The Price of Poor Regulation

Letter from the Editor: Our regulators don't quite understand the implications of almost unrestricted entry on industry rivalry. Or else, they wouldn't allow almost 12-15 players into our telecom circles

Published: Jun 4, 2010

Back in the early eighties, Harvard Business School don Michael Porter created a five forces framework to show how an understanding of industry structure impacted industry profitability. Even today, Porter’s seminal work on Competitive Strategy is a must read for any business school student. Dr. Manesh Shrikant, our dean who taught us strategy at SP Jain Institute in Mumbai knew Porter well from his days at Harvard — and we got more than our fair share of the man’s videos, books and case studies.

When our team, led by Deputy Editor Shishir Prasad and Assistant Editor Rohin Dharmakumar, began researching this edition’s cover story, the idea of gifting a copy of Porter’s tome to the regulators/minders in charge of our mobile telephony industry did cross my mind. Frankly, there’s no kind way to describe the deep mess that we’re headed into. India is still one of the fastest growing wireless markets in the world. The ‘minutes’ factory model that folks like Bharti built has been globally feted. Our telecom tariffs are among the lowest in the world.

Yet today, we’re in uncharted territory. No stock market expert worth his salt is willing to invest in any of the telecom stocks. Over the next 24 months, most telecom companies, except for a couple, will sink into the red. Each of them, including market leader Bharti Airtel, will carry levels of debt that are nothing short of alarming. There’s bound to be job losses on the anvil. There are some who believe the advent of 3G could help turn the tide. But for most part, that remains more hope than reality. In short, the telecom industry is caught in a race to the bottom.

So who killed the golden goose? You’ve got to read our insightful story on page 44 to get a clear picture of the crisis that is about to engulf the sector. One thing’s certain: Our regulators don’t quite understand the implications of almost unrestricted entry on industry rivalry. Or else, they wouldn’t allow almost 12-15 players into our telecom circles. The deadly cocktail — of spectrum shortages, free market pricing and untrammelled entry of new players — will leave the industry players gasping for breath. And if there was any chance of industry consolidation that too appears to have been effectively scuttled by M&A norms that don’t make much sense. A sudden bout of sensible regulation could still save the day, but not without a better understanding of Porter’s framework.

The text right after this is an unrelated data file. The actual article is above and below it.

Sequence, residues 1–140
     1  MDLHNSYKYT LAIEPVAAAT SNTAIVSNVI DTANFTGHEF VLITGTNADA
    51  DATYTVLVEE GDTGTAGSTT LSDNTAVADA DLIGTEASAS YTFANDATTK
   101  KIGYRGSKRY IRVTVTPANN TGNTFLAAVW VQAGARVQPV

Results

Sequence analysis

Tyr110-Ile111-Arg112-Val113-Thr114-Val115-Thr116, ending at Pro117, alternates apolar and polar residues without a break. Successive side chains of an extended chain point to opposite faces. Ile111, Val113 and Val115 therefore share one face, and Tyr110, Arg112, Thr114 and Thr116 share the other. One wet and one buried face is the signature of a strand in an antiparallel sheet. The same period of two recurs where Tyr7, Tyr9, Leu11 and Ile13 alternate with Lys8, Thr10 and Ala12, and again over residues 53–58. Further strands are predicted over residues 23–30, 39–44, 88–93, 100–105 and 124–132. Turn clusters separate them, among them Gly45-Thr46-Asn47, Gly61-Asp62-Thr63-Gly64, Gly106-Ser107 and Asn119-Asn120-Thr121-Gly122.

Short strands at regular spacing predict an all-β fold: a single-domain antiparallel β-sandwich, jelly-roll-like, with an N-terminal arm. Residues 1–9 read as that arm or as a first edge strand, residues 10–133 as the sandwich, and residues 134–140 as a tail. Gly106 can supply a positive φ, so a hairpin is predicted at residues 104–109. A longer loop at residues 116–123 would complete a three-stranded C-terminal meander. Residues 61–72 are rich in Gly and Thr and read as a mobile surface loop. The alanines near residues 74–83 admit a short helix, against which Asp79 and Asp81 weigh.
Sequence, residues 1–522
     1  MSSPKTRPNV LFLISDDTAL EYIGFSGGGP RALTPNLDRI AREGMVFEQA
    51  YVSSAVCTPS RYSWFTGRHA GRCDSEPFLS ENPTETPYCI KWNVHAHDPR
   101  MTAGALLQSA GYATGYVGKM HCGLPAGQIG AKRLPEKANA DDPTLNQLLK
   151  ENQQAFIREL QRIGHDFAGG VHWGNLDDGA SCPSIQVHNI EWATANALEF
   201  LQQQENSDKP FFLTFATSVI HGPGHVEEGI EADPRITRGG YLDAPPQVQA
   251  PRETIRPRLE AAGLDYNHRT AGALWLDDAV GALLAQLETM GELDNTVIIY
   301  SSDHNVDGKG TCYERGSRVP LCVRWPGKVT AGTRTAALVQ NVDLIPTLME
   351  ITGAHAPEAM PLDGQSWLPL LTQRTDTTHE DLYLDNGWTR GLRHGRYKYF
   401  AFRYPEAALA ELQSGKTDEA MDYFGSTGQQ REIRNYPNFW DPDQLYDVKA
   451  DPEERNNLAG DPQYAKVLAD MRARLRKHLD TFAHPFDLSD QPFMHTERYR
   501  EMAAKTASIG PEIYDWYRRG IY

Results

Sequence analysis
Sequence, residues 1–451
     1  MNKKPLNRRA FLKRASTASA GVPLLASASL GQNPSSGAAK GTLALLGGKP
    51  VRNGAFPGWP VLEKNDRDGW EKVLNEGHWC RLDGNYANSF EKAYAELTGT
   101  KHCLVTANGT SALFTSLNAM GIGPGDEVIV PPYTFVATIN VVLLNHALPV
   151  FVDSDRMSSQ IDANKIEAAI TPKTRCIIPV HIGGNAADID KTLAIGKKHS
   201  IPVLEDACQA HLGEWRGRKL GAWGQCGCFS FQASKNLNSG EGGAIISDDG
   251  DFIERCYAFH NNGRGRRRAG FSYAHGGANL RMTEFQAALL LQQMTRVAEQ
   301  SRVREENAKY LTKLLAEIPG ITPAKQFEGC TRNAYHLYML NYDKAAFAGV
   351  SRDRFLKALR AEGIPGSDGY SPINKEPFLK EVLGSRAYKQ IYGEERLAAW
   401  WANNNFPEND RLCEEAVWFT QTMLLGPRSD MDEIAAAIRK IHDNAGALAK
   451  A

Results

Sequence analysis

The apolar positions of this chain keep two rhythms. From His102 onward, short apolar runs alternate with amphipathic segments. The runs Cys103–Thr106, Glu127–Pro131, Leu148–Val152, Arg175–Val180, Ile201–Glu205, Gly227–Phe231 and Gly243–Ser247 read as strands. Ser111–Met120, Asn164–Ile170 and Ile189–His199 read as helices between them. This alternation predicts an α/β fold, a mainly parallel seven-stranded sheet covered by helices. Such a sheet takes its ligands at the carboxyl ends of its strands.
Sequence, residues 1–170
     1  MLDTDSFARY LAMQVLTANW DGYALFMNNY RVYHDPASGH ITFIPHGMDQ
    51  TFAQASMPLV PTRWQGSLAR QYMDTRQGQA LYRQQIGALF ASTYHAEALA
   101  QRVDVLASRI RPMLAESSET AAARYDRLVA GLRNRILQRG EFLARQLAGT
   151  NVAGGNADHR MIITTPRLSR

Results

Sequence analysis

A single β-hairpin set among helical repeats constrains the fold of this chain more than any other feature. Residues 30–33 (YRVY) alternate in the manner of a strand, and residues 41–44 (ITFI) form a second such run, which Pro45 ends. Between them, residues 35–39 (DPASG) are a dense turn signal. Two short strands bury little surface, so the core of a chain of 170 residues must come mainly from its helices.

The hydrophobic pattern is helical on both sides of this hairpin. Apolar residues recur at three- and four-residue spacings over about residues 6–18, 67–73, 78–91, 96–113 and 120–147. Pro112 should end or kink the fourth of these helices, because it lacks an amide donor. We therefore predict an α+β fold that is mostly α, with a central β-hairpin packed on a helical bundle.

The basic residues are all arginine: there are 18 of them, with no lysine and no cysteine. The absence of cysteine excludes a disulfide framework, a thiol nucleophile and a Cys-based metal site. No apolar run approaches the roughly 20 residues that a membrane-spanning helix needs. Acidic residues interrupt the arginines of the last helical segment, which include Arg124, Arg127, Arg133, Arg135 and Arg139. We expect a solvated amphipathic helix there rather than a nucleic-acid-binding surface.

Do send us your comments. And a warm thank you to all those who wrote in to wish us on our First Anniversary!

(This story appears in the 18 June, 2010 issue of Forbes India. You can buy our tablet version from To visit our Archives, click here.)

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  • Vinvestor2010

    While your identification of the problem is correct, I disagree with your diagnosis.<br /> Don't you think the primary blame is with those 15 entities who are showing herd behavior and exceptionally poor business judgement?

    on Jun 22, 2010
  • JKV

    If investor implies, fund managers on lunar incentives to give 30% YoY return, yes Telecom Services in India is not the candidate.<br /> Now is the consolidation phase after exponential growth.

    on Jun 12, 2010
  • Anuj Gupta

    Please don't make 'unrestricted entry' as a key scapegoat (as evinced in your sub headline). The problem lies with upfront loading of spectrum charges instead of revenue share arrangements. I am sad to say but this issue and editorial is either very foolish or is paid for by Telecom operators to further crony capitalism. What we need is free markets with free entry and exit and Forbes India has proved to be incapable of grasping even the basic principles of free market which Forbes stands for.

    on Jun 7, 2010
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